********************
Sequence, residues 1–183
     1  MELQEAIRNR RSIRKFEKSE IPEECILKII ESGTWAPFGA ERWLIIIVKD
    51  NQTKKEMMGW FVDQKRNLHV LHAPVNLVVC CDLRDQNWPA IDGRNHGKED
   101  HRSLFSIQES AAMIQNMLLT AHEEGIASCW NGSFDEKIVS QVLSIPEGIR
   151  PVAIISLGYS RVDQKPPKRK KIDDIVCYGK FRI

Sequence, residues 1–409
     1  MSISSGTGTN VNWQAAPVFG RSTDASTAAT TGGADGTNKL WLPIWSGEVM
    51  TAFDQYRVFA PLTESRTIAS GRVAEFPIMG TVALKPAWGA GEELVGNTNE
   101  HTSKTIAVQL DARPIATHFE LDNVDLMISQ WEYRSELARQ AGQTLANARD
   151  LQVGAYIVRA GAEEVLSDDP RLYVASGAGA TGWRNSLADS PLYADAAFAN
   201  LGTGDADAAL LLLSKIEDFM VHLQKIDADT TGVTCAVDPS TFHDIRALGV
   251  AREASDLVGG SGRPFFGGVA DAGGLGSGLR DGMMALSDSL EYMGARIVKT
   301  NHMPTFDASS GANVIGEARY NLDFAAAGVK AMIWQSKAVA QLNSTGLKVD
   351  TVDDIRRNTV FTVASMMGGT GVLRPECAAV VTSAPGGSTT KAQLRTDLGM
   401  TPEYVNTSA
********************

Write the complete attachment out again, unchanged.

Sequence, residues 1–183
     1  MELQEAIRNR RSIRKFEKSE IPEECILKII ESGTWAPFGA ERWLIIIVKD
    51  NQTKKEMMGW FVDQKRNLHV LHAPVNLVVC CDLRDQNWPA IDGRNHGKED
   101  HRSLFSIQES AAMIQNMLLT AHEEGIASCW NGSFDEKIVS QVLSIPEGIR
   151  PVAIISLGYS RVDQKPPKRK KIDDIVCYGK FRI

Sequence, residues 1–409
     1  MSISSGTGTN VNWQAAPVFG RSTDASTAAT TGGADGTNKL WLPIWSGEVM
    51  TAFDQYRVFA PLTESRTIAS GRVAEFPIMG TVALKPAWGA GEELVGNTNE
   101  HTSKTIAVQL DARPIATHFE LDNVDLMISQ WEYRSELARQ AGQTLANARD
   151  LQVGAYIVRA GAEEVLSDDP RLYVASGAGA TGWRNSLADS PLYADAAFAN
   201  LGTGDADAAL LLLSKIEDFM VHLQKIDADT TGVTCAVDPS TFHDIRALGV
   251  AREASDLVGG SGRPFFGGVA DAGGLGSGLR DGMMALSDSL EYMGARIVKT
   301  NHMPTFDASS GANVIGEARY NLDFAAAGVK AMIWQSKAVA QLNSTGLKVD
   351  TVDDIRRNTV FTVASMMGGT GVLRPECAAV VTSAPGGSTT KAQLRTDLGM
   401  TPEYVNTSA